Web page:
Tonawanda News — Bogart, a speech therapist, said the group helps children become more confident, to learn how to present themselves and how to speak in public.
”They’re not necessarily going to Broadway ... but they’re going to take the skills learned during the summer and apply them to their lives,” she said.
Annabella Bogart, 10, said that it’s nice to rehearse by the water all summer, “and the people are really nice.”
”They won’t let anyone not be in the show,” she said. “Everybody’s always included. No one feels left out. Even if you’re not the lead, you still get noticed.
”And they always pick really, really good shows. You can always trust them to pick a really good show.”
Patrick Crocker, 17, started with In Good Company when he was 8, after he saw an item in the Tonawanda News about the initial production of “Godspell.” Today, the recent St. Joseph’s Collegiate Institute graduate is going off to minor in theater at Brockport State College after years of performing in IGC shows and helping out in general.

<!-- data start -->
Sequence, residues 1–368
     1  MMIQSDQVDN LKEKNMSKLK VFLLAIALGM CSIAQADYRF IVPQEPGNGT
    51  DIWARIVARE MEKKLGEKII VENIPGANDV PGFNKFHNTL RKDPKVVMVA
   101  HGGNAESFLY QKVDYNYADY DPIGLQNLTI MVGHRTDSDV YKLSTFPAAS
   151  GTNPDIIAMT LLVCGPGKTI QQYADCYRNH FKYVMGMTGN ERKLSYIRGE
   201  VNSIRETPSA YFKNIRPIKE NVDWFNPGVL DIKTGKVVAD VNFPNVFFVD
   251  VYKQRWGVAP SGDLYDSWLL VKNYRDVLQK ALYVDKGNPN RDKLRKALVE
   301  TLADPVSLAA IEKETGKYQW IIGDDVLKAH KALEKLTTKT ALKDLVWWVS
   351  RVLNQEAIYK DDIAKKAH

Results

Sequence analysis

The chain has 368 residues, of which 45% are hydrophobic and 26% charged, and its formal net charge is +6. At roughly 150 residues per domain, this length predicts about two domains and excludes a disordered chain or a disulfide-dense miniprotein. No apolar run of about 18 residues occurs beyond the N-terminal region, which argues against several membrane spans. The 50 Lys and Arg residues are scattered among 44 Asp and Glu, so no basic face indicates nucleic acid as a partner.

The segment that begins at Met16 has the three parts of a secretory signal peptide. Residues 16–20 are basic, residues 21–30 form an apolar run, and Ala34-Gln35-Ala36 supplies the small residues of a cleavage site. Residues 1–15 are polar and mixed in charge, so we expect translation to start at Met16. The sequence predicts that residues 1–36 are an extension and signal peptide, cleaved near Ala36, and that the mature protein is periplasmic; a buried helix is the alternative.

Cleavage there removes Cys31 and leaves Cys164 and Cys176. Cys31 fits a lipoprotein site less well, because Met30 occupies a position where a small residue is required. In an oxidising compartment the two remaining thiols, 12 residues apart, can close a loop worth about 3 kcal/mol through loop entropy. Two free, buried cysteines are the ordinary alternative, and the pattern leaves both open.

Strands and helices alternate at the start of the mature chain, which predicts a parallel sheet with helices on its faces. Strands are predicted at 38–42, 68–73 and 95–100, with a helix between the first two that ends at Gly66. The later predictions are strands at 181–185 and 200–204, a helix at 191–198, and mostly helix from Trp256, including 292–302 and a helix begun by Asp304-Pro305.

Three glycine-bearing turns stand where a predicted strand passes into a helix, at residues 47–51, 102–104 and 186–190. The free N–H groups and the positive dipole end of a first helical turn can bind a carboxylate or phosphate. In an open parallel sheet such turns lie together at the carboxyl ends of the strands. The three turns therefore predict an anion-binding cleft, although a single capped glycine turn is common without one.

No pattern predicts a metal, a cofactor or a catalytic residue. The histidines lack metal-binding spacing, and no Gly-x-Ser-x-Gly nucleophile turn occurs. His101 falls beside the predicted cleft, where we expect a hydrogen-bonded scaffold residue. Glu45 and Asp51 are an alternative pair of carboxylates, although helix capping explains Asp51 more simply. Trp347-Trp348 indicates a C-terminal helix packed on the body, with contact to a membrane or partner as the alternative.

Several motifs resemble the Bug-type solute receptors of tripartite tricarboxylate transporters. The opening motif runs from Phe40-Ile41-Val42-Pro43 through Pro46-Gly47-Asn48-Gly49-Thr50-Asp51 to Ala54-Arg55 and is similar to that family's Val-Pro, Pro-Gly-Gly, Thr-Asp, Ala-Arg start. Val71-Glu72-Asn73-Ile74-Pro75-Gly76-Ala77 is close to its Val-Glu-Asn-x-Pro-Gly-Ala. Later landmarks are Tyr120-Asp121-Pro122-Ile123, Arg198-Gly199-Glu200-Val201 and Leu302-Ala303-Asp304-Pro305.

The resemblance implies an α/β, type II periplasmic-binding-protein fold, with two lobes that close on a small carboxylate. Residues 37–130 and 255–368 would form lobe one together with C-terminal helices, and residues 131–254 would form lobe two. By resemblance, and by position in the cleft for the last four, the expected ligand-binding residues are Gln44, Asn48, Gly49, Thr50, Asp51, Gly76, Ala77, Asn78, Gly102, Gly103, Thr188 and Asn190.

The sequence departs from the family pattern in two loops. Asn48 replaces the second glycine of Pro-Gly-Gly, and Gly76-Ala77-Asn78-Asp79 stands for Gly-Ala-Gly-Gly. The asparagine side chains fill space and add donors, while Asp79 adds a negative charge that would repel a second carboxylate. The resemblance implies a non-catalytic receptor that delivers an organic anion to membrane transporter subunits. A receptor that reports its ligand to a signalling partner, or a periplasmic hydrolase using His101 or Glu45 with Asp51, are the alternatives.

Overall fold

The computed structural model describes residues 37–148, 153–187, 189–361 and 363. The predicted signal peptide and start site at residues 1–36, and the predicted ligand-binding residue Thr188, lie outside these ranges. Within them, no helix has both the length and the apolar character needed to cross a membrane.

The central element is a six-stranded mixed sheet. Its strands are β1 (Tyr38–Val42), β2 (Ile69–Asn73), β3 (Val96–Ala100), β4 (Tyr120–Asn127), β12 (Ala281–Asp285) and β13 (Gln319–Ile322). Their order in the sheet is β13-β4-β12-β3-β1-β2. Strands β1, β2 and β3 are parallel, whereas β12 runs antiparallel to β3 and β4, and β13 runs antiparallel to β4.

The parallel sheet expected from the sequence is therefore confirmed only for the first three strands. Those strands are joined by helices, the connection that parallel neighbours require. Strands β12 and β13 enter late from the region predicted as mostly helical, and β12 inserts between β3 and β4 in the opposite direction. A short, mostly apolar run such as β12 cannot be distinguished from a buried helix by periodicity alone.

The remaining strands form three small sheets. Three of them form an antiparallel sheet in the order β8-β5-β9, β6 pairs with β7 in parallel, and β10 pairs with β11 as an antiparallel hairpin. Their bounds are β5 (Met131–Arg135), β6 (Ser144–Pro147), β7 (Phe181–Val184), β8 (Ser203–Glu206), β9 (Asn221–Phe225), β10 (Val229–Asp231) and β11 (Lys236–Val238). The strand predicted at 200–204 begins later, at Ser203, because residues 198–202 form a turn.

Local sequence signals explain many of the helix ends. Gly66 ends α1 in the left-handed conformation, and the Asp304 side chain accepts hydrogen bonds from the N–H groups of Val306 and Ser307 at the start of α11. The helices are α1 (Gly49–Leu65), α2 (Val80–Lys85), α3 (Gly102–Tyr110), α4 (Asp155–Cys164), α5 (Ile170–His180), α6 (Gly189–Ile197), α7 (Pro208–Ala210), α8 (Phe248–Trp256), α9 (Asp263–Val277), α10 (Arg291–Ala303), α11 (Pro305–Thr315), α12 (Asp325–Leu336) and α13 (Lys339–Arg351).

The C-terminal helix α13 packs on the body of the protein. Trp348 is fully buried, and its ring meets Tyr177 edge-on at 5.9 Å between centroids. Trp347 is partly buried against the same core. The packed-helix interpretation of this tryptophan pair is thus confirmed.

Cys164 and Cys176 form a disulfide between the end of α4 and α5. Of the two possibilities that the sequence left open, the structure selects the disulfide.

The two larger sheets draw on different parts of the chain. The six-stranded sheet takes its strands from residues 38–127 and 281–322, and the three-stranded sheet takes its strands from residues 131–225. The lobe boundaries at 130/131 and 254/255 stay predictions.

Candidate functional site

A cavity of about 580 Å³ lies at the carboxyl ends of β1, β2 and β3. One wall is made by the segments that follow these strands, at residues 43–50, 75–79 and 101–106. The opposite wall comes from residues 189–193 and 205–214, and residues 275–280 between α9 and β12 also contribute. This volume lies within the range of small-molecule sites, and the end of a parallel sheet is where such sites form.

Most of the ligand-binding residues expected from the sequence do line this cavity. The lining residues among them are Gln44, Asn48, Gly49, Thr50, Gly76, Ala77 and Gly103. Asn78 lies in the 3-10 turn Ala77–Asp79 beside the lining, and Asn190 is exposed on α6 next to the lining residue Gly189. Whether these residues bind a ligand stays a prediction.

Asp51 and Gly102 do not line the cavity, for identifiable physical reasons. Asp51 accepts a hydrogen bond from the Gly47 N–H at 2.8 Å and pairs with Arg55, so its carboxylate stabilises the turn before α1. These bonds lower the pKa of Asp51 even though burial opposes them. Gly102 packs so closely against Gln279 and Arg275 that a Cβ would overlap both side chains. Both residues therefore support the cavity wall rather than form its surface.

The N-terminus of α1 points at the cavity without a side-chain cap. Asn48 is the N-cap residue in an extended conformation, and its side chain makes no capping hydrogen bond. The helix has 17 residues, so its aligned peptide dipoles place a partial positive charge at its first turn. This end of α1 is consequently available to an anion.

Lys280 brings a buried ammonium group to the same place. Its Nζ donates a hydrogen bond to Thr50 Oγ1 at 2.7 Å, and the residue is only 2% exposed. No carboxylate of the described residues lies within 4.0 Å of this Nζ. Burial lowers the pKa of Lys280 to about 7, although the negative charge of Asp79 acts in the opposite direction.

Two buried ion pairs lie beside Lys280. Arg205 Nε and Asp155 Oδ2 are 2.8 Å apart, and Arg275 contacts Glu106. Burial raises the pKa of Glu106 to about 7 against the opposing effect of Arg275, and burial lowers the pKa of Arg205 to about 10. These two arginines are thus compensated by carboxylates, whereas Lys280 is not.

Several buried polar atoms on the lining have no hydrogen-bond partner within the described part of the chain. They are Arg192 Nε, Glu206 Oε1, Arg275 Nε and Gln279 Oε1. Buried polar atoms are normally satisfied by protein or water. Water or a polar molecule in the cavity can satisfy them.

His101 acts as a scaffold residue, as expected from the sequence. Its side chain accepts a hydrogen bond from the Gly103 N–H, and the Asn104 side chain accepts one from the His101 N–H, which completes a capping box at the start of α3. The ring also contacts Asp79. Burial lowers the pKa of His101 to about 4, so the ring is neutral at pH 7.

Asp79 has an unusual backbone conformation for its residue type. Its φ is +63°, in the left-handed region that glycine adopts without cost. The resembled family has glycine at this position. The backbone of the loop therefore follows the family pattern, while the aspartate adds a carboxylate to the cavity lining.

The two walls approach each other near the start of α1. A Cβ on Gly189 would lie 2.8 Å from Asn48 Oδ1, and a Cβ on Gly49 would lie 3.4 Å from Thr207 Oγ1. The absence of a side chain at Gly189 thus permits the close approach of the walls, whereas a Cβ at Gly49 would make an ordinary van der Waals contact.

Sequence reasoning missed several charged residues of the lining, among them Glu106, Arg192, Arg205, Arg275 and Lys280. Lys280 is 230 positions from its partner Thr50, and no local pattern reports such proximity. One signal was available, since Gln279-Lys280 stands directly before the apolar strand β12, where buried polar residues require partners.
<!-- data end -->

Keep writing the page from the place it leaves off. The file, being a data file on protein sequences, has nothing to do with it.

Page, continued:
”It’s great to see little kids getting passionate and interested in the the same things I’m passionate and interested in,” he said. “It’s cool to help them develop their own love of theater.”
Although many families are veterans of IGC, newcomers have been pulled into the productions over the years. The Gambino family of Tonawanda — parents Mike and Amy, daughter Amanda, 11, and son Willie, 6 — saw the company rehearsing in 2010 while they were taking a walk in Niawanda Park. Now, they’re about to start their third season as participants.
“All they talked about all winter is coming back and doing the play,” Mike Gambino said of the kids.
“They’re all inclusive. They don’t leave anyone out. They have parts for everyone ... they create parts if the children need them,” he said of IGC. “And they work with them. They don’t just say, ‘You can’t do it. Oh, well.’